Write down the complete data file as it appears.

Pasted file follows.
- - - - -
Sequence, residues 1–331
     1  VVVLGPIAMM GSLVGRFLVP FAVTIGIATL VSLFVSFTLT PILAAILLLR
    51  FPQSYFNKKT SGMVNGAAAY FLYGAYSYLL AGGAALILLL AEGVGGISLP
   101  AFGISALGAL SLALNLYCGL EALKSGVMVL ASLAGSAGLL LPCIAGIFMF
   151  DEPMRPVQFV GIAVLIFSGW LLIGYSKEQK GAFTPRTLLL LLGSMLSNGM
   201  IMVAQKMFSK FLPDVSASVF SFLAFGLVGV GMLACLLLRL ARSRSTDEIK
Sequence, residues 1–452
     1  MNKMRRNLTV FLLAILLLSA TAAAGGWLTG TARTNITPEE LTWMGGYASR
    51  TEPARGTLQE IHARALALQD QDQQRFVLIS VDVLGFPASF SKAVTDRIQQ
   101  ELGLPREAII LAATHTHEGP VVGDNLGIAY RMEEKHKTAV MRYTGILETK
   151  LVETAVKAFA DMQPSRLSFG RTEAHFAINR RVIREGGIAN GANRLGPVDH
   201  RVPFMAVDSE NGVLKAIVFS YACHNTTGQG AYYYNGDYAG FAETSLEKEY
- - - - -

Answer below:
Sequence, residues 1–331
     1  VVVLGPIAMM GSLVGRFLVP FAVTIGIATL VSLFVSFTLT PILAAILLLR
    51  FPQSYFNKKT SGMVNGAAAY FLYGAYSYLL AGGAALILLL AEGVGGISLP
   101  AFGISALGAL SLALNLYCGL EALKSGVMVL ASLAGSAGLL LPCIAGIFMF
   151  DEPMRPVQFV GIAVLIFSGW LLIGYSKEQK GAFTPRTLLL LLGSMLSNGM
   201  IMVAQKMFSK FLPDVSASVF SFLAFGLVGV GMLACLLLRL ARSRSTDEIK
Sequence, residues 1–452
     1  MNKMRRNLTV FLLAILLLSA TAAAGGWLTG TARTNITPEE LTWMGGYASR
    51  TEPARGTLQE IHARALALQD QDQQRFVLIS VDVLGFPASF SKAVTDRIQQ
   101  ELGLPREAII LAATHTHEGP VVGDNLGIAY RMEEKHKTAV MRYTGILETK
   151  LVETAVKAFA DMQPSRLSFG RTEAHFAINR RVIREGGIAN GANRLGPVDH
   201  RVPFMAVDSE NGVLKAIVFS YACHNTTGQG AYYYNGDYAG FAETSLEKEY